Sunday dawned rather wild and windy and wet, so the walk up Oppelskop was cancelled, but at about midday it stopped raining so we decided to take a chance with the weather and have a quick walk in Cecilia Forest - but "no arsing around".
Everything was rather drippy. These are little sorrel leaves - possibly Oxalis eckloniana.
We decided to take Robbie's Walk down again - through the blombos,
and into the forest - past this rock that must have recently fallen on the path.
Lots of mushrooms and toadstools coming up,
but I had to keep a leery eye out for falling trees.
I was glad to be out in the open again with some cheerful pink Red Heaths (Erica abietina subsp. atrorosea) to brighten up the gloom.
There were lots of smells and interesting things to investigate ... maybe this is arsing around? But the Alph didn't seem to mind.
When we got home I was inspired to do a bit of digging in the back yard and look what I unearthed eventually! A mole!
A Cape Golden Mole to be exact. The Food Lady told my I was really clever but she whipped it away and I saw it squirming and wiggling and then she let it go over the fence where it immediately dug down into the soil so I couldn't finish my game. Such a spoil sport!

10 July 2015

The Rubbi Road church walk

We met Sue and Honey, and Pauline at the top of Rubbi Road, and set off up the sandy path past the church,
up and up and then back when the Food Lady realised she was on the wrong path.
A quick bundu bash and we were back on the track up to the Cobra Camp ruins.
A pretty Tritoniopsis in the burned area,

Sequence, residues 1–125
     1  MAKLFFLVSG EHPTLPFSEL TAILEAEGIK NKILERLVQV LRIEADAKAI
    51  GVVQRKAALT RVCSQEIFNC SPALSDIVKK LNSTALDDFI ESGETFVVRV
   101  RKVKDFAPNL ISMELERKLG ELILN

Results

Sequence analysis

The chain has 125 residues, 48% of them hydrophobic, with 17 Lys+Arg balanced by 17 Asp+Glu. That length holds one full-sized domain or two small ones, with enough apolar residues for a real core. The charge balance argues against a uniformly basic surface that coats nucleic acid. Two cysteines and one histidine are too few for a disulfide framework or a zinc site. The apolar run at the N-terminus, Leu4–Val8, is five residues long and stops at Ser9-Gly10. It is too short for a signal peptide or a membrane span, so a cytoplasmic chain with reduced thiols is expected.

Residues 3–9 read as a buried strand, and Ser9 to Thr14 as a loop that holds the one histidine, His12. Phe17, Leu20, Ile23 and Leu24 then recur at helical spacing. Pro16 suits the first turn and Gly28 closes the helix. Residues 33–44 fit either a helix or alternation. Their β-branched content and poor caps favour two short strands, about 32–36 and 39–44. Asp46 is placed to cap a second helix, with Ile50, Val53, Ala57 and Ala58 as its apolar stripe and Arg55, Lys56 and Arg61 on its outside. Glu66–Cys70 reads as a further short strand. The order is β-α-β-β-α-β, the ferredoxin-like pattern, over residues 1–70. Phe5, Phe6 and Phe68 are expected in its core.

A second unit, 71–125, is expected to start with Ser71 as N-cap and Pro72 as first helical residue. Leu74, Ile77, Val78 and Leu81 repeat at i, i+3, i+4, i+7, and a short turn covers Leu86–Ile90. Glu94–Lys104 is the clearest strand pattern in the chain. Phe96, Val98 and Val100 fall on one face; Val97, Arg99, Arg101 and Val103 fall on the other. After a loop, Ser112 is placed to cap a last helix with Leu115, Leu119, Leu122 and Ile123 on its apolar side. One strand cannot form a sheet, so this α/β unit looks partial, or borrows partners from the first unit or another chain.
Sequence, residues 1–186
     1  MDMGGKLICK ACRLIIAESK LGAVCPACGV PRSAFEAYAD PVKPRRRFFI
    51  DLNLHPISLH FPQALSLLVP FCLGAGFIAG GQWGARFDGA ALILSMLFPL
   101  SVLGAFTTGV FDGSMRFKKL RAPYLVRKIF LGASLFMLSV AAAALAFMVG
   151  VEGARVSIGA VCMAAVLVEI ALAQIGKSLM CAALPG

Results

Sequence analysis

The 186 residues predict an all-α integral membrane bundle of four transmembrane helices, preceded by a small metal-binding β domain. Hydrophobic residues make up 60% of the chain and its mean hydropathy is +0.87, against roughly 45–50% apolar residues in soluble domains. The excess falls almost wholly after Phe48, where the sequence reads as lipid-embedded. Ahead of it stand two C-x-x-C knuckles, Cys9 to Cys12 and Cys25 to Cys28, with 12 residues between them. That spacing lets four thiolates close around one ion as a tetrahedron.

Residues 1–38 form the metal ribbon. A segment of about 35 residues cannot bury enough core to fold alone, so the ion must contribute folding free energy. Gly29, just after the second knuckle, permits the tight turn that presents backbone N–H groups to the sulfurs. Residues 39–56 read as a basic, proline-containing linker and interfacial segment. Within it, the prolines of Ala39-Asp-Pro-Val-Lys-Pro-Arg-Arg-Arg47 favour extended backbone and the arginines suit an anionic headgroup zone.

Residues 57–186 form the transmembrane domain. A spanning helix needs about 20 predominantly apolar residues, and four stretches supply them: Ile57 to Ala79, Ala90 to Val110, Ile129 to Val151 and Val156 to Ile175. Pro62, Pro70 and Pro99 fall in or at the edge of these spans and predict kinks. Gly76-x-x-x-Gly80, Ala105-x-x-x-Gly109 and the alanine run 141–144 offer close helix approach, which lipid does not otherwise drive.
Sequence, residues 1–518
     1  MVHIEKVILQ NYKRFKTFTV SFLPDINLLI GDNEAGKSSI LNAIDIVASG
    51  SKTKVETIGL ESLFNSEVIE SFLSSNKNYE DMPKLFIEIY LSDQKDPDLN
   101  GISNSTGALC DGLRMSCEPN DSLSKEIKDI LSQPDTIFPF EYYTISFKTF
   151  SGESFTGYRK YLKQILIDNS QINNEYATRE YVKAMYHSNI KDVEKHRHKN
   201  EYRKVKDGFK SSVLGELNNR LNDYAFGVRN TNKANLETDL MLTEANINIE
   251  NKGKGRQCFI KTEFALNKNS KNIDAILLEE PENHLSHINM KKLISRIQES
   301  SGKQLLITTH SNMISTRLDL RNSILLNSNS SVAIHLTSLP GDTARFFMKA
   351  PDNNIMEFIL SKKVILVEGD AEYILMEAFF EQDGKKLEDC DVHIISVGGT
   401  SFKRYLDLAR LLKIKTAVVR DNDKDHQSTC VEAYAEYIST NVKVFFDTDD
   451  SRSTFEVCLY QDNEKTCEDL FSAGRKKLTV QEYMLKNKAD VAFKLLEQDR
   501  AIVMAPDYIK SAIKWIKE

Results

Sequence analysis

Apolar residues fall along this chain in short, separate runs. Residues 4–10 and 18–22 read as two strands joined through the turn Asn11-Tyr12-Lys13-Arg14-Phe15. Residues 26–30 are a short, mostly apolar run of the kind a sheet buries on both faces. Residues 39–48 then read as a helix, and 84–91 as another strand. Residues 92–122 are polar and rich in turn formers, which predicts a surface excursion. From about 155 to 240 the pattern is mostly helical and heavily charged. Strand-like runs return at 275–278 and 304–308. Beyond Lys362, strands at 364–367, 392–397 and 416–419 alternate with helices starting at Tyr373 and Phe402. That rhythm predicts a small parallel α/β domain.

and I found a tortoise legging it away from us - looking as if it had also been in the fires. But it was fine and the Food Lady wouldn't let me take a few more scales off it.
There were lots of things coming up in the ashy sand including some toadstools but I was so fired up looking for tortoises that I didn't notice any imaginary wee folk lurking.
Pretty soon we were up on the top, the red- and-orange-attired hikers out front, the Food Lady and me behind. But where was the idiot Lad?
Deep in the fynbos hunting for mice.
There were lots of flowers out: this Hangertjie (Erica plukenetii),
and the Creeping Snakestem Pincushion (Leucospermum hypophyllocarpodendron).
We chose a spot for tea on a comfortable flat rock where us watchdogs could at least have a good view of the surroundings.
Pauline, Honey, Sue and the Alph.
I was a little way off checking out some formidable rock monsters,
I mean, look at the size of this dog! Flipping snary!
After tea we went to the end of the path and turned round and walked all the way back. You can see the sea in the distance and the edge of Scarborough.
It was just perfect cool weather, and perfect fynbos for us Scots!
And this Orange-breasted Sunbird thought so too and let everyone know how happy he was.
By the end of the walk we were quite pooped
and in need of refreshment.
Back past Cobra Camp ruins and graffiti,
past a bouncy and happy and friendly Bouvier,
snapping up a few more flowers - a Rooippypie (Gladiolus priorii)
and a daisy of sorts - possibly Bergharpuisbos (Euryops abrotanifolius),
down the sandy path
and through the Gum Tree Avenue
to the Rubbi Road church. Lad went to investigate,
but Honey got straight into Sue's car and said "Take me home please!"
At home, the humans had a delicious gin and tonic
and we got some bones to bury in the garden.